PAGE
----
Narcissa, and Other Fables (Magill's Literary Annual 1984)
Narcissa and Other Fables is Louis Auchincloss’ eighth volume of short stories. As he has done before, Auchincloss demonstrates his mastery of all the elements of his craft: characterization, articulation of manners and mores, manipulation of plot (including ironic twists and turns), and handling of point of view. Auchincloss’ stories are tidy, rendering with fine precision a people who consider themselves leaders, on the cutting edge of American society.
The volume is composed of twelve short stories, four of which appeared previously in slick magazines, and twelve very brief sketches in the manner of the “character,” a literary form that flourished in France and England in the seventeenth and eighteenth centuries, some of which also were published first in a popular magazine. Auchincloss’ stories are, for the most part, short, easy to read, and have a quick payoff in terms of the revelation of meaning. This is not to suggest that his stories operate without subtlety, but rather to make the point that there is just enough subtlety in the majority of the stories for the reader to feel an immediate satisfaction in having understood what is not too carefully concealed.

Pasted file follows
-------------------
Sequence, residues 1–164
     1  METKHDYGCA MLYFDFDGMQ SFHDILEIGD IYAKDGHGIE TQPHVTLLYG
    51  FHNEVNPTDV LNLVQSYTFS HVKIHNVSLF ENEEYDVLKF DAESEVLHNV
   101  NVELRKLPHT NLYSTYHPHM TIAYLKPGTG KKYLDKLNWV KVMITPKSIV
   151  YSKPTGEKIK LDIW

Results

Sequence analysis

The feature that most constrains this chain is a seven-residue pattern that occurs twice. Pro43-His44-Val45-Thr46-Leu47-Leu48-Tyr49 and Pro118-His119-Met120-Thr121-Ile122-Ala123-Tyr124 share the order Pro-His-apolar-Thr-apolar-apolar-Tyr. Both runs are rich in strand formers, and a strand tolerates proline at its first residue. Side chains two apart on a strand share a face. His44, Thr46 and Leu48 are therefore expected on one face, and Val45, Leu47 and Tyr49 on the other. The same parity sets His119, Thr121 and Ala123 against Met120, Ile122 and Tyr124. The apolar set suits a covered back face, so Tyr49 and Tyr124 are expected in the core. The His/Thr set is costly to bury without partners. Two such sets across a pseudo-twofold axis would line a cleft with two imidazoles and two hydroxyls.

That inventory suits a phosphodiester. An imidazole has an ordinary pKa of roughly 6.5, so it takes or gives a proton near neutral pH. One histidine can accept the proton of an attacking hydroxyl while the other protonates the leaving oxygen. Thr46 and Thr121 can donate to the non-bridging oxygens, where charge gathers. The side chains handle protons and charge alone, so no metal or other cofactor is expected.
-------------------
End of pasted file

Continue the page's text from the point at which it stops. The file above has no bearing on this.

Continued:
The story “Equitable Awards” is a case in point. As the story opens, Gwendolen Burrill—to whose point of view the third-person narration is...
(The entire section is 2334 words.)
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